$1,000,000: September dividends surpass major milestone

Newsletters-92-1-1_mockupIf you are one of the CIRI shareholders who has your dividends directly deposited to your bank account, you probably know that Sept. 30 is the day your account will see the next dividend deposit from CIRI. The third quarter dividend of $8.41 per share will go out that day. For a shareholder with 100 shares, that’s $841 dollars. But the distribution signals something else – an unprecedented achievement for an Alaska Native corporation.
With that payment, cumulative dividend distributions to CIRI shareholders, since the company’s inception, will top $1 billion.
“This is a great milestone for CIRI and it demonstrates the company’s commitment to deliver results for our shareholders,” said Sophie Minich, president and CEO of CIRI. “We can thank the wisdom, vision and tenacity of all of the past CIRI leaders and Directors for this – those who fought for our land entitlements, made the smart investments and struck the right balance between funding growth and giving back to shareholders.”
There were approximately 6,280 original shareholders when CIRI was formed and the $1 billion figure translates into approximately $160,000 for each original shareholder owning 100 shares. The dividends have helped shareholders afford everything from basic family needs to buying a home.
“The dollars I received allowed me to offset the cost of a college education for my daughters,” said Denise Morris, an original CIRI shareholder and mother of two. “I’ve also been able to assist my other family members with financial challenges they may be experiencing.”
“And, when you look at the large dividend, members of my family were able to become homeowners. The impact was not only significant, it was life-changing for those who had the opportunity to find affordable housing for the first time in their lives,” Morris said.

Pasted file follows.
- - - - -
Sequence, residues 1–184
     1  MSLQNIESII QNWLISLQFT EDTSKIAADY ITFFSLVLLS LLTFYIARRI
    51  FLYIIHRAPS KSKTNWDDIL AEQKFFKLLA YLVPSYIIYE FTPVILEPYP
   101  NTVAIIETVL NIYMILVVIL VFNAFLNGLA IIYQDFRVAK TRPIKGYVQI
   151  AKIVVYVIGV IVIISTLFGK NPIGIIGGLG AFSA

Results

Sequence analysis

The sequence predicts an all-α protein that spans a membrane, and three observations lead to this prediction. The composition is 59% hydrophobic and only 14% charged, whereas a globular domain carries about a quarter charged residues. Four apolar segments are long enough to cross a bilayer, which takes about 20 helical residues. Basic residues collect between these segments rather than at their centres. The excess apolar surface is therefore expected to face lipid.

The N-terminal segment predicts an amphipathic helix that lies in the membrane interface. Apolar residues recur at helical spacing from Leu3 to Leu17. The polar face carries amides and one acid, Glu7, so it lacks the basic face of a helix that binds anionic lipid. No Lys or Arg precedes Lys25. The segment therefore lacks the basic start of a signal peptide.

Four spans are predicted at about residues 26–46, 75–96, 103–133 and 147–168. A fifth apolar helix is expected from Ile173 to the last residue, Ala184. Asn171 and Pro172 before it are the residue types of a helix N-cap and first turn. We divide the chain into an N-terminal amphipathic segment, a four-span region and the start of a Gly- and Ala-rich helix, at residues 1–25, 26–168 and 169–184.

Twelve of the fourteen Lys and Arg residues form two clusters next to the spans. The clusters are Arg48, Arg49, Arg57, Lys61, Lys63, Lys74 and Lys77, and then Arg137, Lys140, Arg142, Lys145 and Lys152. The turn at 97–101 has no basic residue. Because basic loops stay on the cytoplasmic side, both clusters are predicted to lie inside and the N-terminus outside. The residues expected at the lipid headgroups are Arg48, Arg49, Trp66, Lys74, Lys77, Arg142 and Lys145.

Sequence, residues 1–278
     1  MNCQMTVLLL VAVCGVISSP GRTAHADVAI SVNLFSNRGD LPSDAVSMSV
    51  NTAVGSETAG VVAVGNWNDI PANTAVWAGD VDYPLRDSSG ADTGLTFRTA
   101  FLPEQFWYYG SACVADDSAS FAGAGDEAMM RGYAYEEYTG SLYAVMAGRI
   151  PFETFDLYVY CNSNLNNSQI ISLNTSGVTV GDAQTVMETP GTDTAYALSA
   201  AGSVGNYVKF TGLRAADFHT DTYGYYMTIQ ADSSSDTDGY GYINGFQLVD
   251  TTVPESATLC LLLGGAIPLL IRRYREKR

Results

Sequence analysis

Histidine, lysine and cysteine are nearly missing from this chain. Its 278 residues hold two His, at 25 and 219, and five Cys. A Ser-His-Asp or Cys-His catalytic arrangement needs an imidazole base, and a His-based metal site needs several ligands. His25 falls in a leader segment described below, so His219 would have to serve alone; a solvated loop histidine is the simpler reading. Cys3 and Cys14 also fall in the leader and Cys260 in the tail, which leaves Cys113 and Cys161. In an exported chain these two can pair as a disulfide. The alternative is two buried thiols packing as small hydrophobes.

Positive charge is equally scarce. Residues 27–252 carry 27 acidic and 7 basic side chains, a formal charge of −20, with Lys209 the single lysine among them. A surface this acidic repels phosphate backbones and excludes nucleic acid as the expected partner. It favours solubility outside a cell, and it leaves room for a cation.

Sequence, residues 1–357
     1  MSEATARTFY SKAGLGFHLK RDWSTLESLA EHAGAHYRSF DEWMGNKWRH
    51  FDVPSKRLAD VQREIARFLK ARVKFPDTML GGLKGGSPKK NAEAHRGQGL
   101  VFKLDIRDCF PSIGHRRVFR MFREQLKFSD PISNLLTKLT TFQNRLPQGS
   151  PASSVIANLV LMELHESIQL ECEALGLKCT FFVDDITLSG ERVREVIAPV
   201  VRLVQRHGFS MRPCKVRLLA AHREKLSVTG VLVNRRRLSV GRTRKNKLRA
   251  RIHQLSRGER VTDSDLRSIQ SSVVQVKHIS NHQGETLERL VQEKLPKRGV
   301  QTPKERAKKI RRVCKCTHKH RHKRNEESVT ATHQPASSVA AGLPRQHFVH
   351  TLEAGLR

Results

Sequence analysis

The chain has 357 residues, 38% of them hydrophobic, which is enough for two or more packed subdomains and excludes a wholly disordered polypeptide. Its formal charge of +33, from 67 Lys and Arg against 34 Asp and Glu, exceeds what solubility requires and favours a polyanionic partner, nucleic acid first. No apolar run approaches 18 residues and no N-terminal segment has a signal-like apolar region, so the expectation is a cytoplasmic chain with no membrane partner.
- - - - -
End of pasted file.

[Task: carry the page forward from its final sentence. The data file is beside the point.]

CIRI delivered its first dividend to shareholders in March of 1980. That first dividend totaled $1.15 per share, for a total payout of $115 to those with 100 shares. At that time, Roy Huhndorf was president of the company. He remembers the lengthy debate among Board members at the time.
“There were valid concerns about reinvesting as much capital as possible so we could keep the company growing,” Huhndorf said. “At the same time, it became clear to the Board that the only direct monetary benefit for shareholders would be dividends. I think the Board did a good job of balancing dividends with the longevity of the corporation.”
For 33 years, CIRI has paid steady and consistent dividends and has also, at times, distributed special dividends as a result of windfall profits from certain investments. CIRI’s dividend policy has evolved over the years, with the Board setting the current policy in 2009. It calls for annual dividend amounts to be calculated based on 3.5 percent of the total shareholders’ equity, calculated as of Dec. 31 of the prior year. According to the calculation, CIRI will distribute close to $22 million in dividends in 2013.
“There are several benefits with the current policy,” Minich said. “It ensures dividends will be consistent year-to-year so shareholders know what to expect, and it gives the Board and CIRI management a tangible objective – to increase shareholders’ equity – in our strategic planning and when considering investments.”
The $1 billion figure is particularly remarkable when you think back on how CIRI began. The Alaska Native Claims Settlement Act of 1971 resulted in a cash settlement of a mere $34 million for CIRI along with its land entitlements. Unsatisfied with the land offered to CIRI by the federal government, the company’s early leaders fought for a more equitable solution. The resulting Cook Inlet Land Exchange wasn’t settled until 1978, but those early battles provided the foundation for the thriving corporation CIRI would become.
Huhndorf readily admits the early leaders of CIRI didn’t have a lot of experience. “But, we did a lot of research and ultimately made good decisions,” he said.
“Looking back, I’m pretty proud of what we were able to do,” Huhndorf said. “There will always be a debate about the size of dividends, but this accomplishment should make us all feel good. CIRI has done well.”